Dequantization operations in the third embodiment are the same as in the first and second embodiments, selector 33 selecting the integer data on signal line L32 and selector 52 selecting the output of the multiplier 34.

FIG. 6 shows a fourth embodiment of the invention, using the same reference numerals as In FIG. 4 to denote identical constituent elements, descriptions of which will be omitted. The ROM 61, which replaces the ROM 41 of FIG. 4, stores the reciprocal data in ten-bit compressed form, omitting a single leading one-valued bit from each of the data values in Table 2. Table 3 indicates the data stored in the ROM 61 in binary and hexadecimal form, and shows the removed leading bits in binary form. A logic-one node 62 provides a constant "one" (high) logic-level potential, to take the place of these leading one-valued bits.

              TABLE 3______________________________________Ten-Bit Compressed Reciprocal Data                            Leading                            BitsAddress    Binary    Hex.        Removed______________________________________ 1         0000000000                000         1 2         0000000000                000         01 3         0101010101                155         001 4         0000000000                000         001 5         1001100110                266         0001 6         0101010110                156         0001 .         .         .            . .         .         .            . .         .         .            . 8         0000000000                000         0001 9         1100011100                31C         00001 .         .         .            . .         .         .            . .         .         .            . 15        0001000100                044         00001 16        0000000000                000         00001 17        1110001000                388         000001 .         .         .            . .         .         .            . .         .         .            . 31        0000100001                021         000001 32        0000000000                000         000001 33        1111000010                3C2         0000001 .         .         .            . .         .         .            . .         .         .            . 63        0000010000                010         0000001 64        0000000000                000         0000001 65        1111100000                3E0         00000001 .         .         .            . .         .         .            . .         .         .            .127        0000001000                008         00000001128        0000000000                000         00000001129        1111110000                3F0         000000001 .         .         .            . .         .         .            . .         .         .            .255        0000000100                004         000000001______________________________________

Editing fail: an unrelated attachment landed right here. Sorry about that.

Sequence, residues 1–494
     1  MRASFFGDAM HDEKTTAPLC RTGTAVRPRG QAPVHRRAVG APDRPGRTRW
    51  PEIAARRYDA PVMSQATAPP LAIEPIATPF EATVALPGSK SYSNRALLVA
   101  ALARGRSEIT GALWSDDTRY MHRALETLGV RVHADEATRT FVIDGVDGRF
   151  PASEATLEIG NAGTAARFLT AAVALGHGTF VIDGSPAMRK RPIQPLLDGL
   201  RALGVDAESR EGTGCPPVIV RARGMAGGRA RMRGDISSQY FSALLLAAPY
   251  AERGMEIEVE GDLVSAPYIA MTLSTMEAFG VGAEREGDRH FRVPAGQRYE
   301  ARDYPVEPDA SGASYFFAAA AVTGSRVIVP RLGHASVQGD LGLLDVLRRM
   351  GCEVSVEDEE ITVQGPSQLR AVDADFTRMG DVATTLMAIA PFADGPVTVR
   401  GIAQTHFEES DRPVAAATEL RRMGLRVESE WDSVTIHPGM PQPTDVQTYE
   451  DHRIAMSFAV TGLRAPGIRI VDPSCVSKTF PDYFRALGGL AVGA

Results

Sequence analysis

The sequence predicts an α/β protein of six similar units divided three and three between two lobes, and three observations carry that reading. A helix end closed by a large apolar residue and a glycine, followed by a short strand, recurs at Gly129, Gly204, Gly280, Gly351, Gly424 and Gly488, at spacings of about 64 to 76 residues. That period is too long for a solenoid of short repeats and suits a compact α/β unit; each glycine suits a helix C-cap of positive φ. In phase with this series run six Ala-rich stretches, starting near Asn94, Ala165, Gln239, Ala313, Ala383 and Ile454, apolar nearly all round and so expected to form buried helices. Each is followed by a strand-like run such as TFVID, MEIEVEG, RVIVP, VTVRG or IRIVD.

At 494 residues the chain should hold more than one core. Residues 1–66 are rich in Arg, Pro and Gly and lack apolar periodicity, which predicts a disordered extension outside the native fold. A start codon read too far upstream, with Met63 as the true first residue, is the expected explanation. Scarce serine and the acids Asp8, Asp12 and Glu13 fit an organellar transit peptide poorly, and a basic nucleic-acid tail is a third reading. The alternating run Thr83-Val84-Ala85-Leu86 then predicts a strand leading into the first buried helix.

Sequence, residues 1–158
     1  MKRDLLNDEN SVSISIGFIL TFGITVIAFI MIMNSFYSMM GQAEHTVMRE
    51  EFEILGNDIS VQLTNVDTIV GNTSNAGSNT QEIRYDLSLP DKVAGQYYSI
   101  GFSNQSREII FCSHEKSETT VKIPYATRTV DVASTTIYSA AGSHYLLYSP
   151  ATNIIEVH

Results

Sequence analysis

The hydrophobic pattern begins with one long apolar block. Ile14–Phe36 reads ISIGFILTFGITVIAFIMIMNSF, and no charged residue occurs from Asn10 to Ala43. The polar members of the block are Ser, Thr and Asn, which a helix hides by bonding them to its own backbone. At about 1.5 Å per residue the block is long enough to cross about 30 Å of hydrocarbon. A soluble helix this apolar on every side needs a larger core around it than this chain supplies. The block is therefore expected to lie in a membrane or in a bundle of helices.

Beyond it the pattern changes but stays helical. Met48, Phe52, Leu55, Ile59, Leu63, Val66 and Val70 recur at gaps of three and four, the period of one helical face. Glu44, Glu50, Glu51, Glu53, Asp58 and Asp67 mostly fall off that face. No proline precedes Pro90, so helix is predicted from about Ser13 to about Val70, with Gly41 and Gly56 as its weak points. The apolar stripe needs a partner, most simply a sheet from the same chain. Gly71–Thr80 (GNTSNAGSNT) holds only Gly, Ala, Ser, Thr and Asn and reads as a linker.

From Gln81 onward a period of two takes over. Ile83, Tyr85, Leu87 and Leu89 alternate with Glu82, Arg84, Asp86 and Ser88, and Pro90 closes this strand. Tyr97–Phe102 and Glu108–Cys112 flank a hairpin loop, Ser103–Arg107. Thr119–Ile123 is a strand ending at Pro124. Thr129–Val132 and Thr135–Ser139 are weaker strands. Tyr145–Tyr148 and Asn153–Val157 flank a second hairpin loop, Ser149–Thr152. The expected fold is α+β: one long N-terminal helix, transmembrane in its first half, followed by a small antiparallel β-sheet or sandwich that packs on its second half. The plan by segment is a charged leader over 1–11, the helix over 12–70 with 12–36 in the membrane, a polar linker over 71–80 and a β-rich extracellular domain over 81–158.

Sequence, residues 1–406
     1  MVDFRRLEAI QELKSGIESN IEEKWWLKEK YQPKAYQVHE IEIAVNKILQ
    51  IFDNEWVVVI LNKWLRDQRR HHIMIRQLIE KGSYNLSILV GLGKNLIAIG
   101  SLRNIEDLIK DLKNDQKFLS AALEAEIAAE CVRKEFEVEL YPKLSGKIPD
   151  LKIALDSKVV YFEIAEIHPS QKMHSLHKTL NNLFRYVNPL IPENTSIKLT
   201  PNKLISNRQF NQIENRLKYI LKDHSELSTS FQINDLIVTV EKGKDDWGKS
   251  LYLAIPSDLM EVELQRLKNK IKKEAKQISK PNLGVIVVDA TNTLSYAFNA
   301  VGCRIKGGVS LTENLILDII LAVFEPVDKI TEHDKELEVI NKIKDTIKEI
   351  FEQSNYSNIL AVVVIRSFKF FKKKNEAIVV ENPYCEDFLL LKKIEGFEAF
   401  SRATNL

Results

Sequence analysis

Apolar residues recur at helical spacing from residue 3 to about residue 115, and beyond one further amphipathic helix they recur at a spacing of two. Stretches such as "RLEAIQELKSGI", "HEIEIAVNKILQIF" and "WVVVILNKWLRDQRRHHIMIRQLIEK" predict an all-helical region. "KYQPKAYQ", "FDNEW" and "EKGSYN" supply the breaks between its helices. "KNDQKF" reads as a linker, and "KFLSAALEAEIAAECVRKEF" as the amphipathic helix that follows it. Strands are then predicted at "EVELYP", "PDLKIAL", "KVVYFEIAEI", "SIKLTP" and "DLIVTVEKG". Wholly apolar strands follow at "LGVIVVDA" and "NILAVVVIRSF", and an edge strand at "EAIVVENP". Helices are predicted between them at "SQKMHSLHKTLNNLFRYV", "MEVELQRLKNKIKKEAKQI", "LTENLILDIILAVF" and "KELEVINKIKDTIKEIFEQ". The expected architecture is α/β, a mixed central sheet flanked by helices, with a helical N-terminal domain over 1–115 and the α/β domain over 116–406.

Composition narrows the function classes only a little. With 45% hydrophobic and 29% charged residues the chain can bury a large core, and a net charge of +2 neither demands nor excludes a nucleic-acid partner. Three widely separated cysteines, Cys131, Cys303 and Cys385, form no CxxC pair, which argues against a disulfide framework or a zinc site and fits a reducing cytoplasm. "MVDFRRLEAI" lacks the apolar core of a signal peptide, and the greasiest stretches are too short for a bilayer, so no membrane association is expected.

The ROM 61 outputs ten bits of compressed reciprocal data as shown in Table 3 on signal line L61. The logic-one node 62 adds a leading one-valued bit on signal line L62. In quantization (when LDIR="0"), the selector 33 selects these eleven bits on signal lines L61 and L62 and provides them on signal line L33 to the multiplier 34.

Further quantization operations are as in the third embodiment. Dequantization operations are as in the first, second, and third embodiments, selectors 33 and 52 selecting the integer data on signal line L32 and the multiplier output on signal line L34, respectively.

By eliminating two hundred fifty-five bits from the ROM 61, the fourth embodiment further reduces the size of the quantizing and dequantizing circuit.

The invention is not restricted to the preceding embodiments, but permits numerous modifications. For example, the ROM 41 in the second embodiment can be modified to store data in the same ten-bit compressed form as the ROM 61 in the fourth embodiment. The zero padder 42 must then be provided with a logic-one node to add a leading one-valued bit, as in the fourth embodiment, before the leading zero-valued bits are added.

The read/write memory that stores the quantization table need not be a random-access memory. A sequential-access memory can be employed. So-called flash memory can be employed.

Those skilled in the art will recognize that various other modifications can be made without departing from the scope claimed below.

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Classifications
U.S. Classification341/200, 375/E07.226, 375/E07.14, 375/E07.232
International ClassificationH04N19/91, H04N19/625, H04N19/423, H04N19/42, H04N19/00, H03M7/30, H04N1/41, H03M7/40, G06T9/00, H04B14/04
Cooperative ClassificationH04N19/60, H04N19/126, H04N19/124, H04B14/04
European ClassificationH04N7/26A4Q2, H04N7/30E4, H04B14/04, H04N7/30